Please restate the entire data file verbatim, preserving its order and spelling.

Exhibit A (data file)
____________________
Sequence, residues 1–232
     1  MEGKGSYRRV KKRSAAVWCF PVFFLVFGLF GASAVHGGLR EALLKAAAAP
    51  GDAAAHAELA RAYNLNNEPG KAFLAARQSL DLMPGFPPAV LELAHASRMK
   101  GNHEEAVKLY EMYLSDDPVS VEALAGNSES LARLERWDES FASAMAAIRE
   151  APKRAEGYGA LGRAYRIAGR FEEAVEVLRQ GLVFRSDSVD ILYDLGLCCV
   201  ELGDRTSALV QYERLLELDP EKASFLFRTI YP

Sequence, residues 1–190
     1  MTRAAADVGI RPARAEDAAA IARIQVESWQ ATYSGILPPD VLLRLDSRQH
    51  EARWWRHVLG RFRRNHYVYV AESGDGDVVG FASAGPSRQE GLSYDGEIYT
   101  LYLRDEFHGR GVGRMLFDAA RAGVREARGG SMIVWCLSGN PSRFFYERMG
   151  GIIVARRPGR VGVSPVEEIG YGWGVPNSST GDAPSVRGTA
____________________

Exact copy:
Sequence, residues 1–232
     1  MEGKGSYRRV KKRSAAVWCF PVFFLVFGLF GASAVHGGLR EALLKAAAAP
    51  GDAAAHAELA RAYNLNNEPG KAFLAARQSL DLMPGFPPAV LELAHASRMK
   101  GNHEEAVKLY EMYLSDDPVS VEALAGNSES LARLERWDES FASAMAAIRE
   151  APKRAEGYGA LGRAYRIAGR FEEAVEVLRQ GLVFRSDSVD ILYDLGLCCV
   201  ELGDRTSALV QYERLLELDP EKASFLFRTI YP

Sequence, residues 1–190
     1  MTRAAADVGI RPARAEDAAA IARIQVESWQ ATYSGILPPD VLLRLDSRQH
    51  EARWWRHVLG RFRRNHYVYV AESGDGDVVG FASAGPSRQE GLSYDGEIYT
   101  LYLRDEFHGR GVGRMLFDAA RAGVREARGG SMIVWCLSGN PSRFFYERMG
   151  GIIVARRPGR VGVSPVEEIG YGWGVPNSST GDAPSVRGTA